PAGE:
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The UK press, multiculturalism and the elephant in the room

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Exclusive to The Daily Banter

By Nana Kofi Mensah


Daily Mail and Telegraph are up in jubilant arms. For those of you that

don’t know, I am referring to the British right wing press, whose

standard polemic against immigration and British multiculturalism

received a boost from an article published on Friday in the Royal

United Services Institute (RUSI) Journal.


the RUSI piec

e, Professor Gwyn Prins and Lord Salisbury criticised the

UK’s “misplaced deference to multiculturalism”, that has allegedly

“failed to lay down the line to immigrant communities, thus

undercutting those within trying to fight extremism." The

y go on by

saying, "the country’s lack of confidence is in stark contrast to the

implacability of its Islamist terrorist enemy, within and without.”

Meanwhile, the Secretary of State for Communities and Local Government

Hazel Blears talks on the


about the government’s efforts to integrate communities by encouraging English language usage.

Surely, these people are missing the point. There is an elephant in the room they would rather ignore: U.K Foreign Policy.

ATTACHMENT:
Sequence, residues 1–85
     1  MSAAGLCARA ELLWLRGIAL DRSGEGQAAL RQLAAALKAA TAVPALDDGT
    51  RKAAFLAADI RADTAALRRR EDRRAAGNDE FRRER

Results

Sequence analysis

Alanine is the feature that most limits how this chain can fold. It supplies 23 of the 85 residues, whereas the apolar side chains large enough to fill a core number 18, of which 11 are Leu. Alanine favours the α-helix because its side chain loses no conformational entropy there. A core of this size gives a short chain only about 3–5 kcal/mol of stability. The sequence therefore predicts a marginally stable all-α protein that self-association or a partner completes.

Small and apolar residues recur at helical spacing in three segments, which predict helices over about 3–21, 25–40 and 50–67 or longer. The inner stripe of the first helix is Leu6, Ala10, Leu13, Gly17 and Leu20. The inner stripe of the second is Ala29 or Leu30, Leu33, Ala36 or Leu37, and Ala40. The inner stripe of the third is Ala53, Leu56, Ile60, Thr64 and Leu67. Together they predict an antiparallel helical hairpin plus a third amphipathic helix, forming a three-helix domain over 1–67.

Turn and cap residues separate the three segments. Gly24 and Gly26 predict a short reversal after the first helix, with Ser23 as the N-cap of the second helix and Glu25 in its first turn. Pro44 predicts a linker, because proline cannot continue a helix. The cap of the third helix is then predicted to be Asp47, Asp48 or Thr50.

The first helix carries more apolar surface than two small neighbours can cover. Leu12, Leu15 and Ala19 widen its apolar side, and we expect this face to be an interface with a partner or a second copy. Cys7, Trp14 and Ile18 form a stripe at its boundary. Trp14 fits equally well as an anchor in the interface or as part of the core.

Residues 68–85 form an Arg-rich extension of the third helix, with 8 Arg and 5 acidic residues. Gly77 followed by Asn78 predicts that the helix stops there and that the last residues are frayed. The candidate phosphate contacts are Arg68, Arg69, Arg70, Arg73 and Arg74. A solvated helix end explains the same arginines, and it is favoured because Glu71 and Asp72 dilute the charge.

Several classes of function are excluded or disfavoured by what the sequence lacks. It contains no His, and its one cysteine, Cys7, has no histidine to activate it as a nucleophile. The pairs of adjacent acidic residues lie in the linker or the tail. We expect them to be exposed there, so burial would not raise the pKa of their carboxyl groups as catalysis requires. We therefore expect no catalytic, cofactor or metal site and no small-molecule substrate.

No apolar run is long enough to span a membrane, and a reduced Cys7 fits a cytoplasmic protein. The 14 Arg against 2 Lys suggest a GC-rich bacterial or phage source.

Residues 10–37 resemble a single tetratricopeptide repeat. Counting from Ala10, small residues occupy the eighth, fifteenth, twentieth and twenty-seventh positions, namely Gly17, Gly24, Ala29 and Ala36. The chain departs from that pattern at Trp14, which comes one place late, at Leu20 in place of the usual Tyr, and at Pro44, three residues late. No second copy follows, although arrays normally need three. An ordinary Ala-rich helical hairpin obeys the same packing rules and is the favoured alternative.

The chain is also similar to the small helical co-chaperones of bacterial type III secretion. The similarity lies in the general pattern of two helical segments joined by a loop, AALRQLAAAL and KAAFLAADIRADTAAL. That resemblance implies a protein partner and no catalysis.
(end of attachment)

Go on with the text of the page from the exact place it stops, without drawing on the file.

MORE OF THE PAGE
it is true that frictions between various Muslim communities and the

national body pre-date the war in Iraq, no serious pundit would argue

that matters have not become markedly worse since March/April 2003 when

the British government acted against popular will by taking us into a

legally ambiguous conflict in the Middle East. The offense has been

compounded by a one-sided stance on the Israel-Palestine question. See,

for example,

Tony Blair


comments during the Lebanon conflict of last year. I'm referring to

nonsensical statements such as ‘A ceasefire would not be useful at this

time’ made while the Lebanese were dying in their hundreds, mostly

civilians. Collective punishment in the Gaza strip today is met with


The reality of 21



Great Britain

is one of Diaspora. Communities within the multicultural


have ties of kinship outside the


that are not Anglo-Saxon. Therefore, when we reproduce traditional

geo-political strategies, there are new implications for British

citizens. And these are Britons we are talking about. Hazel Blear's

“let’s make sure everyone speaks English” drive is a non-sequitor. The

people that bombed


on 7


July 2005 had no problem speaking English. The kids hopping on planes to train in


speak with our regional accents. In terms of long term nation building,

I think it makes sense to ensure that English is universally understood

in the British isles or as close to that as possible.

However, with regard to the immediate threat of


born Islamist terrorism, language is not the problem. Public policy, in

particular foreign policy, reinforces the “otherness” of our British

Muslims for reasons outlined above. When the RUSI report talks as it

does of a crisis of confidence... Well, of course there is. The British

Empire passed from existence within living memory and we are now

extricating ourselves from a morally bankrupt military engagement in

the middle-east. Confidence will come with time and a more honest

alignment between our values and our actions. Let’s not give up on

multiculturalism because of the shortfall between those latter two.